Israel has established a commission to review allegations that NSO Group’s controversial Pegasus phone surveillance software was misused amid a hacking scandal that has roiled governments globally.
The announcement on Thursday by the head of the Israeli parliament’s Foreign Affairs and Defence Committee came amid revelations that the Israeli firm’s spyware appears to have been used by governments in the surveillance of heads of states, opposition figures, activists and journalists, whose names were among some 50,000 potential targets on a list leaked to rights group Amnesty International and Paris-based Forbidden Stories.
The revelations sparked calls for accountability and increased controls on the international sale of spyware technology. Pegasus can hack into mobile phones without a user knowing, enabling clients to read every message, track a user’s location and tap into the phone’s camera and microphone.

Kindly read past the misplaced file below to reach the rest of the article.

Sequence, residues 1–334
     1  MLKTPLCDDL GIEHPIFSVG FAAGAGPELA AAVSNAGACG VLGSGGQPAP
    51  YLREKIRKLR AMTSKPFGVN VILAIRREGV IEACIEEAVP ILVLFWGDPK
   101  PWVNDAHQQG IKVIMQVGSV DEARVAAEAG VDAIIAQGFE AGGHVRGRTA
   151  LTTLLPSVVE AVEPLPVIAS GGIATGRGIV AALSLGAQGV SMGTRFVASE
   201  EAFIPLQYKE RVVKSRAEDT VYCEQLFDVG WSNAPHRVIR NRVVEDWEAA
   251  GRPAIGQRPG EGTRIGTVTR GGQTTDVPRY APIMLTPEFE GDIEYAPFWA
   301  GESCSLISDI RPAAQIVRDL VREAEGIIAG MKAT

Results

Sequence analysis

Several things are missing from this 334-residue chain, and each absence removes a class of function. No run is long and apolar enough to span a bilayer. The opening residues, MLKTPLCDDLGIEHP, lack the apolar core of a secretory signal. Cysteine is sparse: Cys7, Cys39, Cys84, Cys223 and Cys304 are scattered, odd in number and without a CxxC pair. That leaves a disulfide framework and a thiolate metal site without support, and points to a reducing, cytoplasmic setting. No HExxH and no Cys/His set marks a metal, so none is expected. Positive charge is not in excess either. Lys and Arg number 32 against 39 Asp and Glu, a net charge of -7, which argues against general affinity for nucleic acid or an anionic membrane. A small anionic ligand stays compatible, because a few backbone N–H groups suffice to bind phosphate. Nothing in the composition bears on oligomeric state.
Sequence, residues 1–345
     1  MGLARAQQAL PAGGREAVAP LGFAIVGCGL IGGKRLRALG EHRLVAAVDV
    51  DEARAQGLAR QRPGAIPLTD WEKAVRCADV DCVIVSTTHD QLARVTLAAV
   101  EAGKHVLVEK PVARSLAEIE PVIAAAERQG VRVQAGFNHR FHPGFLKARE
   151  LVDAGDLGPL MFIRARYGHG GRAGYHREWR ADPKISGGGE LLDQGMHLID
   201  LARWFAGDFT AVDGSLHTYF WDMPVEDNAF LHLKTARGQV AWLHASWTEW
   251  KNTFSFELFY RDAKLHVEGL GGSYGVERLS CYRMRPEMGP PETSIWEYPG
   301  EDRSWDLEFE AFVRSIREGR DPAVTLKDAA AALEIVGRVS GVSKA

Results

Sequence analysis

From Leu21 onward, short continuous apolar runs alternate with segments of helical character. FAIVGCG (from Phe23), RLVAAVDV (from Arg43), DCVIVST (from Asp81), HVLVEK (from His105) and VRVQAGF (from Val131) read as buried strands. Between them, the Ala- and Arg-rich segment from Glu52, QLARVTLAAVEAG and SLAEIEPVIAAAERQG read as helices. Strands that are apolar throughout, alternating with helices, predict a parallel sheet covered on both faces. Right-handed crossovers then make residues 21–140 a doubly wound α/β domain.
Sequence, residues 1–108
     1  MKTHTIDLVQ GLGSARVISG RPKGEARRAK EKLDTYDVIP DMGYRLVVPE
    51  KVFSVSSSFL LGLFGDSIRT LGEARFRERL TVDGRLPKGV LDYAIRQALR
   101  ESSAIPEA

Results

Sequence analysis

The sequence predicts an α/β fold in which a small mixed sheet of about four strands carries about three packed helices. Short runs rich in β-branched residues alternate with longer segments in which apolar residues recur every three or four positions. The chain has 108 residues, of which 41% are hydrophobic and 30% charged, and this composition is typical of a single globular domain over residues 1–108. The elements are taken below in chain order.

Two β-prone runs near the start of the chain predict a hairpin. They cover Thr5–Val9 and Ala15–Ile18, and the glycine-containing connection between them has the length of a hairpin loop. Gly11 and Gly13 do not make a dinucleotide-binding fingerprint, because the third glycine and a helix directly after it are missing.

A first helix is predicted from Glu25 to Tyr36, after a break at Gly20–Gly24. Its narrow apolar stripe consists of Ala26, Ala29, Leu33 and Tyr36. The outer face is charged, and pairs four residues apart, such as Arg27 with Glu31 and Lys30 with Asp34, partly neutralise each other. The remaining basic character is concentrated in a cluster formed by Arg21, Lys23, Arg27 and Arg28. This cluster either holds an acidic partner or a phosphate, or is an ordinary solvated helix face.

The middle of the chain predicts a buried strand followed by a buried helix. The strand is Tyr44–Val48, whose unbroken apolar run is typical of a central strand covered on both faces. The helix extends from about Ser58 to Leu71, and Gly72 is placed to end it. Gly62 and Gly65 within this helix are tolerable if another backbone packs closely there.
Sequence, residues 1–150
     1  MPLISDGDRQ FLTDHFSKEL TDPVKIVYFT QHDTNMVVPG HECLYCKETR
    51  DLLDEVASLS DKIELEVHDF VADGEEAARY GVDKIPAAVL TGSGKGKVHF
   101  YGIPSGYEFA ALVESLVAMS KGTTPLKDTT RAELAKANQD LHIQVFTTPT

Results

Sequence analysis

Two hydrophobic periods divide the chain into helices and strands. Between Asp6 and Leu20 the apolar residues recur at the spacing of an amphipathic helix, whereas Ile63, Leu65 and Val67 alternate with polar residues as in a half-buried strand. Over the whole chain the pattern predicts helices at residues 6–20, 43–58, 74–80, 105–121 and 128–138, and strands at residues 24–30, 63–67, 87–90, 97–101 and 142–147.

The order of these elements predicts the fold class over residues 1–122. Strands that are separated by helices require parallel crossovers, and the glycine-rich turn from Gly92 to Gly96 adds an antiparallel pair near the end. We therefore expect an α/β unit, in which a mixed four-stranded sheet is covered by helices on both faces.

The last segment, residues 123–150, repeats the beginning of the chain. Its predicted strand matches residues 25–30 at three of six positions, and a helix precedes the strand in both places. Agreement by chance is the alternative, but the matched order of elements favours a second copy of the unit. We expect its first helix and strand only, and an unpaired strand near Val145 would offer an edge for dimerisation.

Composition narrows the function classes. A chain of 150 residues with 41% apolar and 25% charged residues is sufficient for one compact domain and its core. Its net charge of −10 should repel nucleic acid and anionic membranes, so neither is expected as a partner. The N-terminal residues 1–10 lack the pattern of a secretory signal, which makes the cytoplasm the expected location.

Israeli legislator Ram Ben Barak, the former deputy head of Israel’s Mossad spy agency, told Army Radio, “The defence establishment appointed a review commission made up of a number of groups” to probe the allegations.
‘Dig around from top to bottom’
NSO has said it exports to 45 countries with approval from the Israeli government.
Hulio said the company could not disclose the details of its contracts due to “issues of confidentiality”, but said he would offer full transparency to any government seeking more details.
“Let any state entity come along – any official from any state – and I’ll be prepared to open everything up to them, for them to enter, to dig around from top to bottom,” he said.